Listed below are links to a few schools who offer graduate-level environmental science programs:

Links to research and internship funding sources.  


Qualities for graduate school or a career!

Environmental science is a broad field, like a wide shallow river. It is up to you to develop a skillset for yourself. This skillset represents a deep spot in your education where you have a high degree of competence, expertise or specialty to offer employers. This specialty is to make yourself unique and to stand out. It is your responsibility to yourself to find the area that catches your interest the most and develop your skills in that area. As one environmental science graduate who now heads a group at the US-EPA put it, with an environmental degree “if you know what you’re doing, you can land anywhere.” Learn yourself, so you know what you are doing.

For more information on planning for a career in Environmental Science, visit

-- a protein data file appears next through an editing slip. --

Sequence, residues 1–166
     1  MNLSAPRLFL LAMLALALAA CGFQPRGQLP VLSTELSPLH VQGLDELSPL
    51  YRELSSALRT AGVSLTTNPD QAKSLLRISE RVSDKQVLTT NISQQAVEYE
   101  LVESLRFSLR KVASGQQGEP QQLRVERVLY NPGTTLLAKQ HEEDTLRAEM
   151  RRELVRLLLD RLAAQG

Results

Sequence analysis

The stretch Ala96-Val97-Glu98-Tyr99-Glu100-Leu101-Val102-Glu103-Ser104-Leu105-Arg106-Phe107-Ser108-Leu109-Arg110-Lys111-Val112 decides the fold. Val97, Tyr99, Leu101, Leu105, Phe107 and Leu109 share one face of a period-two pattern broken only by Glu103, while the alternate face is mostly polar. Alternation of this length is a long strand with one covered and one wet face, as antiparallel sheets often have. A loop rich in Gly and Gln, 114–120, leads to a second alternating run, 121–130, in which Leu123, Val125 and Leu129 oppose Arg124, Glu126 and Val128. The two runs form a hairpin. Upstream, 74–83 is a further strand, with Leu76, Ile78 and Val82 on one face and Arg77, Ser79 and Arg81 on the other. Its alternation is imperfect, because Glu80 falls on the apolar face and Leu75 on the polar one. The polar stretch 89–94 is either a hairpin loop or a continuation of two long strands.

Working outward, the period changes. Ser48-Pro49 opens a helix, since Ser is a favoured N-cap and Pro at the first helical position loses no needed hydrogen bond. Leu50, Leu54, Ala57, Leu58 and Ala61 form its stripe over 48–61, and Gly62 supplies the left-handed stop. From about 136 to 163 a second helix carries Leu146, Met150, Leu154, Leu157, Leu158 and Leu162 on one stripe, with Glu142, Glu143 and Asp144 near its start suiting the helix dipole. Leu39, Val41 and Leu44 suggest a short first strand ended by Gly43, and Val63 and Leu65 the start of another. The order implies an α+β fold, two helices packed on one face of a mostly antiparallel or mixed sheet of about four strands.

It’s important to develop a focus, a deep knowledge of a skill that will make you more attractive as a job candidate. Examples include programming (learn a language), geographic information systems (GIS) experience, database management, statistics, field experience, surveying, chemistry analytical techniques, electronics, proficiency with operating and maintaining a piece of advanced laboratory equipment (ex. mass spectrometry), and learning how to use an advanced piece of software such as AutoCAD. Other possibilities include classes at the engineering school such as Into to Environmental Engineering Science, Environmental Engineering Science Lab, Computer Graphics Engineering, Civil Engineering Graphics Lab, Site Investigation (teaches surveying techniques) or Engineering Mechanics. Specialize in one of the three disciplines, Geology, Oceanography or Meteorology. If you want to go to graduate school in the sciences, load up on Calculus, Chemistry and Physics.